We know very little about the history and origins of rugs. Nonetheless, it is evident that their story is a wise tapestry woven with tales of nomadic tribes, great empires, and aesthetic revolutions.

We have evidence of goats and sheep being sheared for their wool and hair, which was spun and woven as far back as the seventh millennium. However, the precise moment when humans began integrating artistic patterns, colors, and other elements into the weaving of rugs as we recognize them today remains uncertain.

If we were to journey back to 500 BC, we would come across the Pazyryk Carpet, which is the oldest known surviving rug found in a Siberian burial mound. This splendid masterpiece, adorned with detailed patterns and vibrant colors, is an acknowledgment to a culture that valued both beauty and utility.

The Pazyryk rug is one of the oldest carpets in the world, dating around the 4th–3rd centuries BC.

There are numerous stories about the origins of this carpet, with the exact truth veiled in mystery. According to certain studies, the patterns woven into the carpet closely resemble those discovered in Persepolis, the capital of the Persian Empire during the Achaemenid era, attributing the carpet to this region. The most important point, however, is that we acknowledge that humans, dating back to ancient times, mastered the art of weaving such rugs and integrating them with significant patterns employing colors.

As we journey through history, we arrive at the Silk Road era, a period marked by remarkable cultural interchange. Rugs became highly prized commodities along this ancient trading route, bringing together artistic influences across Persia, China, and Central Asia. The outcome? Stunning classics such as the Ardabil Carpet, currently exhibited in London's Victoria and Albert Museum, which showcase the Persian artistry at its finest.

The Ardabil Carpet is one of the world's oldest dated carpet and one of the largest, most beautiful and historically important. It was made in the town of Ardabil in north-west Iran, the burial place of Shaykh Safi al-Din Ardabili, who died in 1334.

The Ardabil carpet originated in the town of Ardabil, located in north-western Iran, which is also known as the burial site of Shaykh Safi al-Din Ardabili, who passed away in 1334. The Shaykh was a prominent Sufi leader and an ancestor of Shah Ismail, the founder of the Safavid dynasty (1501-1722). Although the exact origins of the carpet are unknown, it is widely believed to have been commissioned by the royal court for the shrine of the Shaykh, which, by the 16th century, had became a place of pilgrimage. It's worth mentioning that the Safavid Dynasty, regarded as the zenith of Persian rug craftsmanship, had a significant impact on the art of weaving.The Safavid monarchs, particularly Shah Abbas I, were passionate patrons of the arts and were particularly invested in encouraging rug-weaving.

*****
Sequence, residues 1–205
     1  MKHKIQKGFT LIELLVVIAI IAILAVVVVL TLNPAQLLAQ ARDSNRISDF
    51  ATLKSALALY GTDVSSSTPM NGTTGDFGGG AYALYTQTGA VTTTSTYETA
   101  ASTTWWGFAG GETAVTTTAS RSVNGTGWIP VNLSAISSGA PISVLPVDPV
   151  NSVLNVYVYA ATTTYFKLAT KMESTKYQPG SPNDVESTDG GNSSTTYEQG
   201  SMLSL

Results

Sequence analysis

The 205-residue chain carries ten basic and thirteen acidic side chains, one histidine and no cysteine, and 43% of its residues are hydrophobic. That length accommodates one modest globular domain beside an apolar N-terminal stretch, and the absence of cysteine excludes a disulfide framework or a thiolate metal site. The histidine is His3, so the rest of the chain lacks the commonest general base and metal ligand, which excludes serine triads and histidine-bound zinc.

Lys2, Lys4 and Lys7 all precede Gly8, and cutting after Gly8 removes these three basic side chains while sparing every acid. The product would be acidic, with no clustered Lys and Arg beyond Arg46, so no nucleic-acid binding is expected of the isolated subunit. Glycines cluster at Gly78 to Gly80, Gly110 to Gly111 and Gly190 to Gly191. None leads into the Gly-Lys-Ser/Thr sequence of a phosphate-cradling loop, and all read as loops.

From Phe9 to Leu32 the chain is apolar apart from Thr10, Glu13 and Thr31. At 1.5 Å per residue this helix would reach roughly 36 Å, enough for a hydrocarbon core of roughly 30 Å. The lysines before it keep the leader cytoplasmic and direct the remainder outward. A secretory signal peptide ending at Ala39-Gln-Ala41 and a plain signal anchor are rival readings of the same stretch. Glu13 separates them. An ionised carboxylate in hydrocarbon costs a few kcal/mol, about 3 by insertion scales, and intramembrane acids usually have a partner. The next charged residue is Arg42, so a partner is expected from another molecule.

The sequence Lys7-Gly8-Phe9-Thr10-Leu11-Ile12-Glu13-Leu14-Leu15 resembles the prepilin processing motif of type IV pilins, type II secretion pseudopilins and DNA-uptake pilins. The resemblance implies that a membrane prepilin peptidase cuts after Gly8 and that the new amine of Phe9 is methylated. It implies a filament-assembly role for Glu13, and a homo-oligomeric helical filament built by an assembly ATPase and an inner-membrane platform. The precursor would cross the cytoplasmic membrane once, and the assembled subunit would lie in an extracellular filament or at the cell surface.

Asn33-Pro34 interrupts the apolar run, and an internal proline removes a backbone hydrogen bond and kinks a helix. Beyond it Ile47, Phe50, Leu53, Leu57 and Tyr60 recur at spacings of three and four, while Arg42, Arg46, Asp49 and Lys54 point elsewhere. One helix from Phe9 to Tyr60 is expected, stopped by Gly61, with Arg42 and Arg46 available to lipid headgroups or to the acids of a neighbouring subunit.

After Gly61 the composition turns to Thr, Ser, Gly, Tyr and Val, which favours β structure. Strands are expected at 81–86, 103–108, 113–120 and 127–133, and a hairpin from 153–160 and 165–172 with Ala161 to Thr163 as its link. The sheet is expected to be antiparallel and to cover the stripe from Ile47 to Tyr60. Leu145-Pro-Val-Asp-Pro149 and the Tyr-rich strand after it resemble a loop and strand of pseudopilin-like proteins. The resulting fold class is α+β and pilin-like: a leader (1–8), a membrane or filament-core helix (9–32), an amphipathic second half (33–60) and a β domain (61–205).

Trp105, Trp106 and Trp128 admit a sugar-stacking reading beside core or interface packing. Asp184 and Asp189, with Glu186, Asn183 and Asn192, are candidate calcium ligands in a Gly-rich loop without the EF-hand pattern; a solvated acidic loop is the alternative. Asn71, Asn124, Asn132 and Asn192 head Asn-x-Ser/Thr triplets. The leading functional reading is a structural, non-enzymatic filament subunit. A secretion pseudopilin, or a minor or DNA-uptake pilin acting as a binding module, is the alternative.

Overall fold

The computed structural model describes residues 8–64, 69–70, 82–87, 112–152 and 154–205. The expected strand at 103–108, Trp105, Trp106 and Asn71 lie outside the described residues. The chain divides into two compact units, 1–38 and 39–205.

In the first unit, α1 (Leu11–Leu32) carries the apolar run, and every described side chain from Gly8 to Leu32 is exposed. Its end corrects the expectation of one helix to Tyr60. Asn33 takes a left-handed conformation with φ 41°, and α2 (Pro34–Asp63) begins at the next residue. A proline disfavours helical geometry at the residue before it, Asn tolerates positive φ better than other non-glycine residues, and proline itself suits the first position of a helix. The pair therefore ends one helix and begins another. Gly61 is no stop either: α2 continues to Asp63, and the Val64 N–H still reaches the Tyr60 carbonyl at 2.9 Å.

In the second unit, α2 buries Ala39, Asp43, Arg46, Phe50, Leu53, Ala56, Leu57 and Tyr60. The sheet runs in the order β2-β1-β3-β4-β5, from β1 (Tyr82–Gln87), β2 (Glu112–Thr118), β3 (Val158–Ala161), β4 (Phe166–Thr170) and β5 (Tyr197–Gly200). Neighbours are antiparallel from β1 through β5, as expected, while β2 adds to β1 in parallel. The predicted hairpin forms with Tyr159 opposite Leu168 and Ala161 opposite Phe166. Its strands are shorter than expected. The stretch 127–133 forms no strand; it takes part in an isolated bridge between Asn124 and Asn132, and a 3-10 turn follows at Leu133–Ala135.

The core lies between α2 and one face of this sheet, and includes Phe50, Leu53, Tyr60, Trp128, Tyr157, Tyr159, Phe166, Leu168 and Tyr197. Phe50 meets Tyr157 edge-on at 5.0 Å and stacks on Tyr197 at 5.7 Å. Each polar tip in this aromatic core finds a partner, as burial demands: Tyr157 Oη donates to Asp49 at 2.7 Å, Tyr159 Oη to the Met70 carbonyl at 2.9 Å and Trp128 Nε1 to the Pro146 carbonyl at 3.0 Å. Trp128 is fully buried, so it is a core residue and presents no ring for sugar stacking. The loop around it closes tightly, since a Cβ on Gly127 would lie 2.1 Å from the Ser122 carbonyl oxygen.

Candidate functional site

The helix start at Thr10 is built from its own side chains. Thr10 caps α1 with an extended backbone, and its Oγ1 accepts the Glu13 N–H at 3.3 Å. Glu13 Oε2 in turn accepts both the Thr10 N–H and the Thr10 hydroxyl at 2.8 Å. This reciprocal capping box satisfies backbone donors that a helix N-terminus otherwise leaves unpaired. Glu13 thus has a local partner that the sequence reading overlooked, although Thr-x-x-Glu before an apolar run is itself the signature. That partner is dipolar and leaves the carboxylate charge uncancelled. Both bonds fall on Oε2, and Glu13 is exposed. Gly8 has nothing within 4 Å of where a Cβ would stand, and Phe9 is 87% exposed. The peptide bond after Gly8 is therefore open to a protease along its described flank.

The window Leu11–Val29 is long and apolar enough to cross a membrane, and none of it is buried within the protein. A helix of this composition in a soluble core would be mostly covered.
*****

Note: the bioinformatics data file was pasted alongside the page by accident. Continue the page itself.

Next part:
Fast forward to the European Renaissance, where rugs adorned the palaces of kings and nobles. These luxurious tapestries often depicted scenes from mythology, adding a sense of splendor and wealth. The Medici family of Florence, known for their support of the arts, played a crucial role in introducing the use of rugs in Western interior design.

The rise of industrialisation in the nineteenth century fundamentally altered the rug-weaving landscape. Rugs became more affordable to the middle class as factories in developed countries began mass-producing them. However, owing to the dedication of skilled artisans, the handwoven rugs have remained essential.

In the 20th century, rugs underwent a revival. During this time, well-known artists began experimenting with innovative and modern patterns and forms, introducing the concept of abstract art to the weaving industry and signaling an evolution from traditional designs and methods.

Today, the world of rugs is more diverse than ever. From traditional Persian and Oriental rugs to contemporary, modern designs, there's a rug to suit every taste and style. Although technological advancements have made it much easier to design and manufacture rugs, the true value of classic hand-woven rugs remains unrivaled not only because of their beautiful patterns and rich colors, but also because of the treasured stories they contain.These rugs are far more than just floor coverings; they are living legacies of skilled artisans, reflecting the heritage, culture, and traditions of a bygone era. Owning a classic rug is like owning a piece of history, a tangible connection to the past, and a testament to the enduring artistry of human hands.